• Emergency bid packages to hire temporary workers from the private sector. Several companies declined for reasons including liability issues for workers who face snakebites, animal attacks and dangers associated with working on moving trucks and operating machines that pick up limbs and other heavy objects.

The latest request for proposals is underway, Wiggins said. Two lawn service companies have expressed interest in collecting yard trimmings. Yard debris collection is a niche beyond the scope of most waste haulers.

“Waste haulers aren’t interested in this type of work,” Wiggins said. “There may be two bags of leaves in front of house, or an entire curbline lined with tree trimmings. The severity of items placed at curbside will determine what type of vehicle, or what method of collection, will be used.”

In 2011, this flyer released by Atlanta touted the weekly collection of yard trimmings, an indication of the relevance of the service at that time. (Image courtesy of Atlanta)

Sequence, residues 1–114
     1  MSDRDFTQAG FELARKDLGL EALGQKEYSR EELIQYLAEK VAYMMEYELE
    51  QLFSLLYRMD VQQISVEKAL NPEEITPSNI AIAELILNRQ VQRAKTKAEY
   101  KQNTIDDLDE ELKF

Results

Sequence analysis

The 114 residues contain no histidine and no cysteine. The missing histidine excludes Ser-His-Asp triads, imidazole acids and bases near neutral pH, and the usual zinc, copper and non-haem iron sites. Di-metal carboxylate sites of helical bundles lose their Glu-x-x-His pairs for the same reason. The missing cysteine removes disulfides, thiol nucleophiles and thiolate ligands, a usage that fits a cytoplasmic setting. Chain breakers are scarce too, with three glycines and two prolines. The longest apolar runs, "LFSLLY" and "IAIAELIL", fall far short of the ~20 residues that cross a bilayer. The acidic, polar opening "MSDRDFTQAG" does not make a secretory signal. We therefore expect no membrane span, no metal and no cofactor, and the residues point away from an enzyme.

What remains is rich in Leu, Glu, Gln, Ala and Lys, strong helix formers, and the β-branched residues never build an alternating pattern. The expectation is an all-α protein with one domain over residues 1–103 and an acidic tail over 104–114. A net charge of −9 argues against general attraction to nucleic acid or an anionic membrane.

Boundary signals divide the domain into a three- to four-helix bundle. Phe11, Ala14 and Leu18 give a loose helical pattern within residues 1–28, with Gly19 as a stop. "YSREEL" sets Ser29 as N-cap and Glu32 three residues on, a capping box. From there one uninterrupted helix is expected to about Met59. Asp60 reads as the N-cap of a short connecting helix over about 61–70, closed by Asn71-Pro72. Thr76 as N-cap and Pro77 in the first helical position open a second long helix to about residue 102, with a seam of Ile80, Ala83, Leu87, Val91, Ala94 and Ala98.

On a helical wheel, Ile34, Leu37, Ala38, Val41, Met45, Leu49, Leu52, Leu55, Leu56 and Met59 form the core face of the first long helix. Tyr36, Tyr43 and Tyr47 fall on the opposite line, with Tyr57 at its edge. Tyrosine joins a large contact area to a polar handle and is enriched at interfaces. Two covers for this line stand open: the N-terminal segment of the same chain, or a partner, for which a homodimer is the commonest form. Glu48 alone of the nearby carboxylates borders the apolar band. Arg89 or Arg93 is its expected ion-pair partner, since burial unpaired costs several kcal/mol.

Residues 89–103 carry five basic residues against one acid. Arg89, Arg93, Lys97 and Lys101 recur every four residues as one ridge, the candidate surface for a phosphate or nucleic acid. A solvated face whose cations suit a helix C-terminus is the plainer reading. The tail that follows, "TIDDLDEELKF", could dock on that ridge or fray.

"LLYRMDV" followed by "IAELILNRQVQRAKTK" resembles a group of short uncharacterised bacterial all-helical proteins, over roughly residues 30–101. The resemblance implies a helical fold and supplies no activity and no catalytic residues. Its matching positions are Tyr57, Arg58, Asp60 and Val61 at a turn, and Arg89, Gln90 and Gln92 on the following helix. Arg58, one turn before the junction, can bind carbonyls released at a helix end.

Waste haulers are prepared to handle a known amount and type of material, Wiggins said.

The issue of yard waste remaining on curbs is not related to broken equipment, Wiggins said. It was in 2017, according to comments by then-Commissioner William Johnson. Fleet maintenance is under Wiggins’ oversight and he said the equipment works. The issue is a shortage of workers willing to do the job, just as it is for counterparts in other cities, Wiggins said.

The collection of yard debris was an issue well before 2017, when the council rejected the commissioner’s call to raise rates to buy new trucks and address other concerns. In 2011, the city cited the continuation of weekly collection of yard waste as a benefit of the rate hike imposed that year.